Cosatu backs constitutional change for land expropriation without compensation
Parliament has continued public hearings into land expropriation without compensation and members of the public and affected parties have been offered another opportunity to make their voices heard following three previous rounds of public hearings over the past three years.
CAPE TOWN - Parliament has continued public hearings into land expropriation without compensation.
There have been submissions from organisations opposed to the move and those in support of amending the Constitution to explicitly allow it.
Members of the public and affected parties have been offered another opportunity to make their voices heard following three previous rounds of public hearings over the past three years.
Some of the submissions argued that there was no justification for a constitutional amendment, with some saying that the courts should play a role in determining compensation.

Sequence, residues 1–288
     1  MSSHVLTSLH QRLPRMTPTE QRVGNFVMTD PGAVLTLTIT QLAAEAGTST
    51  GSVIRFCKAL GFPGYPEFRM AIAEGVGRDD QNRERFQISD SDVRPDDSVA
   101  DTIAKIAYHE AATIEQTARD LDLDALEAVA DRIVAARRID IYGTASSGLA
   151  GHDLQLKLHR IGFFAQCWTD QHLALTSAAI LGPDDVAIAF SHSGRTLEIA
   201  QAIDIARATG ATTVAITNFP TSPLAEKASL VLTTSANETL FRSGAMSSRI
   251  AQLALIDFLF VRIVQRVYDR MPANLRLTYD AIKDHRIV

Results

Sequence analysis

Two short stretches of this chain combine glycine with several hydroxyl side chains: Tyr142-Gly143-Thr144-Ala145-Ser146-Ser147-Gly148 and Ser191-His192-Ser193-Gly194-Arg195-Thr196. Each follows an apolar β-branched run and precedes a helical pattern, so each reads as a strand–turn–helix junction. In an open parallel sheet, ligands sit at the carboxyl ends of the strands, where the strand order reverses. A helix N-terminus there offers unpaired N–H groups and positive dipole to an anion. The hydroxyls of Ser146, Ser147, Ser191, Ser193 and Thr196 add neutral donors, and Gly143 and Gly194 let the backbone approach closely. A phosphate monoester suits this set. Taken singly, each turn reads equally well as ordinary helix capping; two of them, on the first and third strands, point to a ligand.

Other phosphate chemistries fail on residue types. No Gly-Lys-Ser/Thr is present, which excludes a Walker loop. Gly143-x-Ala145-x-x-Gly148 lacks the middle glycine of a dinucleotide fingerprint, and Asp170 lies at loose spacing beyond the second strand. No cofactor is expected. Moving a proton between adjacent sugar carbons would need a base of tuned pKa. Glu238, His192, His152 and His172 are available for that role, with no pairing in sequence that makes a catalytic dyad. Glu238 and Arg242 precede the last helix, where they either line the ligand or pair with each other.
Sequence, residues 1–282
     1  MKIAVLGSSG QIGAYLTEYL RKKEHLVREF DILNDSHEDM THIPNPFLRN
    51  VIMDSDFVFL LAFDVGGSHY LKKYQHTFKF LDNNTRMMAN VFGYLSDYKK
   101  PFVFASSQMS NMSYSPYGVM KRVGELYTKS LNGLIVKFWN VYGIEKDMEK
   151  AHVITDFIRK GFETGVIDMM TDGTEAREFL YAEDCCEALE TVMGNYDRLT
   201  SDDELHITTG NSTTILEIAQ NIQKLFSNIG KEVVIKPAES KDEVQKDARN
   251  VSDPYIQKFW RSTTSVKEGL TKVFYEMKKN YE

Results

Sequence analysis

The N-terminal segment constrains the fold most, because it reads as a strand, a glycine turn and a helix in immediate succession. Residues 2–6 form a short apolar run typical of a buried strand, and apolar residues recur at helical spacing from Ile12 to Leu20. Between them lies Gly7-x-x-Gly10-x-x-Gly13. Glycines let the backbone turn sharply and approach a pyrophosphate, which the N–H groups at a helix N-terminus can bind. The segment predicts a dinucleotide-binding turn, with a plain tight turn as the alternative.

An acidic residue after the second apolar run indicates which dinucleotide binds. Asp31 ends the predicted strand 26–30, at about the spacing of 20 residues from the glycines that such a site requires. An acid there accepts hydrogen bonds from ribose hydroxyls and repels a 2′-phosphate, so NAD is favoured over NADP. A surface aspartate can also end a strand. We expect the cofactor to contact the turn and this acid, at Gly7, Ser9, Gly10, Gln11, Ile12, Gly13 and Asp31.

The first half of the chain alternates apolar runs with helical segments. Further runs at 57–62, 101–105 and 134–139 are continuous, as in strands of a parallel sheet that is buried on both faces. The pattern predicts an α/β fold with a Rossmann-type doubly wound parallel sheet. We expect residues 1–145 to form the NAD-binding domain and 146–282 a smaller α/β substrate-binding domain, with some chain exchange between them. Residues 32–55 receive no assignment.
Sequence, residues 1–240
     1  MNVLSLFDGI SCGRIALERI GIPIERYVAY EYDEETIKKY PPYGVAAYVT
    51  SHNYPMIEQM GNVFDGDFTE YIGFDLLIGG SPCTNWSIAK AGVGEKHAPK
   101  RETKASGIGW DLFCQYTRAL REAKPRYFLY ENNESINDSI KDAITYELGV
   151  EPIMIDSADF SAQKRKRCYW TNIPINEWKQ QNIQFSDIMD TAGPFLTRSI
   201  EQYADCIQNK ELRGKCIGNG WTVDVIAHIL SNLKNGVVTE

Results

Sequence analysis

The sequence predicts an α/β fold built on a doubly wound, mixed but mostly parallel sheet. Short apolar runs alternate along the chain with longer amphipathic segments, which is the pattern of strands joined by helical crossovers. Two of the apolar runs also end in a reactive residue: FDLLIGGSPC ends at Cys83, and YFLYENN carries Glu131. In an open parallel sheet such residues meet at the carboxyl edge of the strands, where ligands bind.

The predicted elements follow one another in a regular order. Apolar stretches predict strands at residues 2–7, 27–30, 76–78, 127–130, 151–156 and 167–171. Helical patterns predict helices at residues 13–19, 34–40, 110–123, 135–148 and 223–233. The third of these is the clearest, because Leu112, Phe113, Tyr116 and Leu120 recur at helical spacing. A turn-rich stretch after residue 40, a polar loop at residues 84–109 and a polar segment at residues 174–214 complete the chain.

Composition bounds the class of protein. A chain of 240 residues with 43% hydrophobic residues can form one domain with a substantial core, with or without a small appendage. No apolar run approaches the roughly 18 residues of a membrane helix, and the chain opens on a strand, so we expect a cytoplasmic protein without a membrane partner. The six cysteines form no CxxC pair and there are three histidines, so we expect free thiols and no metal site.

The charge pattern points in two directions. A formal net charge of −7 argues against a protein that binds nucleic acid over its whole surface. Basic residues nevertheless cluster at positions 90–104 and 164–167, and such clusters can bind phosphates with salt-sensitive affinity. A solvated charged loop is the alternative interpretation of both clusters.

Those representing the agricultural sector have come out in opposition to a constitutional amendment.
AgriSA’s Christo van der Rheede said that his organisation opposed expropriation without compensation, saying that the process should be less politicised.
"And that we specifically talk about fundamental human rights in terms of ownership of property and that should not be motivated and compromised by politics but by reality and practicality."
The Helen Suzman Foundation has also opposed the move, saying that there was no need for an amendment.
But Cosatu said that it supported the change.
The labour federation’s parliamentary coordinator Matthew Parks: "We feel it is a rational intervention, we feel there is just utilisation in the bill for a new conversation for the expropriation of land to advance land reform and as Cosatu we support this bill as is."
The hearings continue on Wednesday with submissions from AfriForum and the banking sector.